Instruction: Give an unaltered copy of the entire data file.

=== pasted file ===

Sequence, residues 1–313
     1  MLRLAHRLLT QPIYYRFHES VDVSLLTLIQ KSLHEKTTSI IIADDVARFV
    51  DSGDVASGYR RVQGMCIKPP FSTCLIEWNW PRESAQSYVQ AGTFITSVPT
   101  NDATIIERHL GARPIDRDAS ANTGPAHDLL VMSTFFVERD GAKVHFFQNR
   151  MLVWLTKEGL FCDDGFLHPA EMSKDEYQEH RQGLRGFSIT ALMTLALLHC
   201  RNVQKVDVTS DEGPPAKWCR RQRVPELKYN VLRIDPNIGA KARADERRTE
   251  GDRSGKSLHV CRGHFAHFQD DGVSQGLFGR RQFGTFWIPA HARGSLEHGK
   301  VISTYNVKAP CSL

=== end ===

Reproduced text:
Sequence, residues 1–313
     1  MLRLAHRLLT QPIYYRFHES VDVSLLTLIQ KSLHEKTTSI IIADDVARFV
    51  DSGDVASGYR RVQGMCIKPP FSTCLIEWNW PRESAQSYVQ AGTFITSVPT
   101  NDATIIERHL GARPIDRDAS ANTGPAHDLL VMSTFFVERD GAKVHFFQNR
   151  MLVWLTKEGL FCDDGFLHPA EMSKDEYQEH RQGLRGFSIT ALMTLALLHC
   201  RNVQKVDVTS DEGPPAKWCR RQRVPELKYN VLRIDPNIGA KARADERRTE
   251  GDRSGKSLHV CRGHFAHFQD DGVSQGLFGR RQFGTFWIPA HARGSLEHGK
   301  VISTYNVKAP CSL